The age of the online publisher – and why you should embrace it
That’s the ultimate irony, no? That in the midst of remarkable and unprecedented change, in the midst of the greatest stories to happen all century, we are paralyzed by some changes in the delivery system.
Far from being a terrible time to be in journalism, publishing or the like, I genuinely believe this is an extraordinary period: unexpected, exciting and packed with new opportunities to create amazing things.
The internet has put awesome publishing platforms at our feet, for free. What great opportunity! Yet, so many are paralysed by fear of change, or fear of the unknown. And of course, fear of failure.
Thankfully, more and more overcome this as time goes on. Every month, new shoots break through the soil, small (for now) but with great potential to be the publishing powerhouses of the future. Here’s a few examples, which I hope inspire.
Five online publishers who create great stuff – and make money
.01 John Locke
If you’ve never heard of John Locke before, you soon will. The US author shot from obscurity this year to become the first person to sell 1 million ebooks using Amazon’s direct publishing service. British authors, such as Louise Voss, are following suit.
The Kindle service negates the need for publishing houses entirely, and allows authors to publish direct, taking 35% of the revenue (much more than most mainstream book deals); ebook sales jumped in the UK last year from £4m to £16m and it’s becoming big business.
I’ve said before that ebooks are a much overlooked publishing platform for journalists: zero costs, and if your content is quality then you can make decent revenues. I’ve done it twice myself, publishing two e-books in 2010 (and another on the way at the end of 2011). The great thing is once they’re up and online, they provide a great source of passive income: there’s nothing cooler than waking up on a Sunday morning and finding out you made money while you were asleep.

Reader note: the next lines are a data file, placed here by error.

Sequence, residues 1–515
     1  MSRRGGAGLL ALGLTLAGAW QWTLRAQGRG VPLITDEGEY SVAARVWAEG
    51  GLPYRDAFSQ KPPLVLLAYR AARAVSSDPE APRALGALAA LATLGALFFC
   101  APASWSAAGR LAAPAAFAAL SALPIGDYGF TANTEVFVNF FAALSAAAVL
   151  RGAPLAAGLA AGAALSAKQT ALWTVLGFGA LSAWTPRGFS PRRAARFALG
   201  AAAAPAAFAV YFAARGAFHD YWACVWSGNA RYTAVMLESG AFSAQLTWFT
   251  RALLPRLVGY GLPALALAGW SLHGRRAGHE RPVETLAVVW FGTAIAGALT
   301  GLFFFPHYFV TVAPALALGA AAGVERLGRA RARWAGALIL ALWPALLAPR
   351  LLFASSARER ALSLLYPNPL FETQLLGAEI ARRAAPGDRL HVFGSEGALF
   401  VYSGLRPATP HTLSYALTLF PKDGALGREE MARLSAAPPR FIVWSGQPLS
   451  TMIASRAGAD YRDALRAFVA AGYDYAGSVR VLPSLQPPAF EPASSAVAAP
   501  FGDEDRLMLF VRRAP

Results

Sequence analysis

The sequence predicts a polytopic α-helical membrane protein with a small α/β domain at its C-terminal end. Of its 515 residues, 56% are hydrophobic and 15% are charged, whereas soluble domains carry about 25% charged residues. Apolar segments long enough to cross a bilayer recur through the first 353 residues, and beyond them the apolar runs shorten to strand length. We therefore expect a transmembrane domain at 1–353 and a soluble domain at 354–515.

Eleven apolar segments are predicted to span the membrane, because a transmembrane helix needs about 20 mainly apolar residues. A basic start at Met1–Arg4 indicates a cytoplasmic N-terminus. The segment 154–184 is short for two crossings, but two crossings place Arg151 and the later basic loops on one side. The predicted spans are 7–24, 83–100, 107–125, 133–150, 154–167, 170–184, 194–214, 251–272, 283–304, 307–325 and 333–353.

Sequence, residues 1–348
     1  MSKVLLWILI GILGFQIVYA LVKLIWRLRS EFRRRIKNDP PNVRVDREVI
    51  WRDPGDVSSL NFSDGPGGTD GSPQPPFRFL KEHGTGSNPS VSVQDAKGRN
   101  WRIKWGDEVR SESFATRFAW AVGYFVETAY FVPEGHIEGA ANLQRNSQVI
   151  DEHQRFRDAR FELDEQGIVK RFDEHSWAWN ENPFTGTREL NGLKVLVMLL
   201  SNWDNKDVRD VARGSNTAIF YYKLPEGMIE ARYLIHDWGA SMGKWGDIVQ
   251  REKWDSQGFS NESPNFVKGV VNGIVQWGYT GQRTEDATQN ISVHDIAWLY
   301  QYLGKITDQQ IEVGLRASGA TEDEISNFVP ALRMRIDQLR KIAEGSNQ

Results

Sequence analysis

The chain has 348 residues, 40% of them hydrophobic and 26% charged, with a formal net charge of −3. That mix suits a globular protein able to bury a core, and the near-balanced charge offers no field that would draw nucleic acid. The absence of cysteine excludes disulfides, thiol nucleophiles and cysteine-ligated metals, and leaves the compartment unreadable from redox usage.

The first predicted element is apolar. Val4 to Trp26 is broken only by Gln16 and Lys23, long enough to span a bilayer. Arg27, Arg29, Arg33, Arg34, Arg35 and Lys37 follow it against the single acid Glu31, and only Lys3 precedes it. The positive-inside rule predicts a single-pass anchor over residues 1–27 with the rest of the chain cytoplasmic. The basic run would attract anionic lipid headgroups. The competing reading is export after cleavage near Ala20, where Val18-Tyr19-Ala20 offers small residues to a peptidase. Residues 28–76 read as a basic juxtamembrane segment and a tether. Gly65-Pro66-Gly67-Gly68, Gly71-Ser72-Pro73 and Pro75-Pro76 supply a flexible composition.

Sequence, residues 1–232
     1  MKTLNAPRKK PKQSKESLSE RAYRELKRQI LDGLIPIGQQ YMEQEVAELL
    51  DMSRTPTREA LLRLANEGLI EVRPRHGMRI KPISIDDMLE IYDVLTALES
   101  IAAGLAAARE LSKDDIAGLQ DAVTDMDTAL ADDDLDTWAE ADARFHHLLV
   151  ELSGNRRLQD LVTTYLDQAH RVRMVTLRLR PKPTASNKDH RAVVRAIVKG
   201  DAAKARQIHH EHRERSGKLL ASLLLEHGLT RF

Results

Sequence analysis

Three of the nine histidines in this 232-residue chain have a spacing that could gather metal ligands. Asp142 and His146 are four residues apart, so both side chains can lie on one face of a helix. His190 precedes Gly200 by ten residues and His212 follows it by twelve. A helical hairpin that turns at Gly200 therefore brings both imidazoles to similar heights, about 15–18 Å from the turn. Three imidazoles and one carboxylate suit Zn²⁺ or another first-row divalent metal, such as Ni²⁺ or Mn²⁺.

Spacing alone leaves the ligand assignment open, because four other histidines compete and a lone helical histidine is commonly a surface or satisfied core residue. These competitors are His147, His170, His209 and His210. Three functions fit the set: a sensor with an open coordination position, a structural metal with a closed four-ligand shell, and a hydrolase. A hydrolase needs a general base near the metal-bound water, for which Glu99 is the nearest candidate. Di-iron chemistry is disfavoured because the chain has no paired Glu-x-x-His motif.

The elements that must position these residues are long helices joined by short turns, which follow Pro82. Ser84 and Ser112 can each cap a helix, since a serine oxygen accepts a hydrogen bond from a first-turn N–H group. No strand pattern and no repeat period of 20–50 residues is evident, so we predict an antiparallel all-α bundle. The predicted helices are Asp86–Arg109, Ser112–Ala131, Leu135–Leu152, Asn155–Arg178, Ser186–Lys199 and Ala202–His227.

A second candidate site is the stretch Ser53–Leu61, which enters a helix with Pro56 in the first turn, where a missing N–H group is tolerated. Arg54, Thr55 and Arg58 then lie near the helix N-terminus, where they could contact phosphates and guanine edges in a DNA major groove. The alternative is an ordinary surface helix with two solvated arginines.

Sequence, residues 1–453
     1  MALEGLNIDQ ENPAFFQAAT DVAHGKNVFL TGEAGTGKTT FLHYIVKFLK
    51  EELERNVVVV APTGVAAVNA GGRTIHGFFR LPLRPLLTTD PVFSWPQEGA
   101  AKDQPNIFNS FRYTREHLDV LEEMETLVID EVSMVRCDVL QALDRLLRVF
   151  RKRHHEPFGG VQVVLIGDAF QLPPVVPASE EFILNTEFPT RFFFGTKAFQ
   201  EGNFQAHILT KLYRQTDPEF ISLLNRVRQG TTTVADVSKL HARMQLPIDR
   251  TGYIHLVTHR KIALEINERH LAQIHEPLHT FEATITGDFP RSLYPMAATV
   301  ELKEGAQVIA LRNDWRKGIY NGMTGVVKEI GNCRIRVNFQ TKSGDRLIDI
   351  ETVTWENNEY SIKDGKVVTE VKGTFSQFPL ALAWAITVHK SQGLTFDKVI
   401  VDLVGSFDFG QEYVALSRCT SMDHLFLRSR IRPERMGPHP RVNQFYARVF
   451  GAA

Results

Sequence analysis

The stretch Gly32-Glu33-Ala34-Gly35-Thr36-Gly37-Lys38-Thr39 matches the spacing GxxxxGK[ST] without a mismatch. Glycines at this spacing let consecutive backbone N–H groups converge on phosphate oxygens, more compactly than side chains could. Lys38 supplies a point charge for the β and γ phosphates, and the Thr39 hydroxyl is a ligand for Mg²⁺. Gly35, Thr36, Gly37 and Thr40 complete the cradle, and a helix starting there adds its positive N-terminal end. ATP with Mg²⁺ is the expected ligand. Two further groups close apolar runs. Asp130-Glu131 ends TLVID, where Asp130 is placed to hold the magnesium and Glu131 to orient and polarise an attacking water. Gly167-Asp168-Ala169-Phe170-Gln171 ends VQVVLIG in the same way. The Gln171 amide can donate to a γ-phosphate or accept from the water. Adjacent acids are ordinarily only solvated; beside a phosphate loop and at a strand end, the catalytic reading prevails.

.02 Fleet Street Scandal/Yuki7
Fleet Street Scandal is the work of two US designers Kevin Dart and Chris Turnam who have the aim of making “art that looks great on a wall”. There are plenty of design agencies mind, so why are they here?
Well, this year they created something pretty unique and remarkable: an animated character called Yuki7 who has stylish 1960s-esque adventures. I saw this little film, and liked it so much I bought the t-shirt.
There’s clearly been some investment in making these films, and they’re recuperating that through products – posters, books, t-shirts and DVDs – which are now on sale. The point is, it takes balls to make something as big and complicated as this: something that we expect to see done by television studios. Fleet Street Scandal prove you don’t need be in the mainstream media to publish great stuff.
.03 Put This On
A video web series now, from Jesse Thorn and Adam Lisagor – all about men’s fashion, with the tagline “a web series about dressing like a grown up”. As well as a regularly updated website, which is actually just a Tumblr blog, PTO also contains regular, high quality short films focusing on different areas of mens fashion, including shoes, grooming and denim.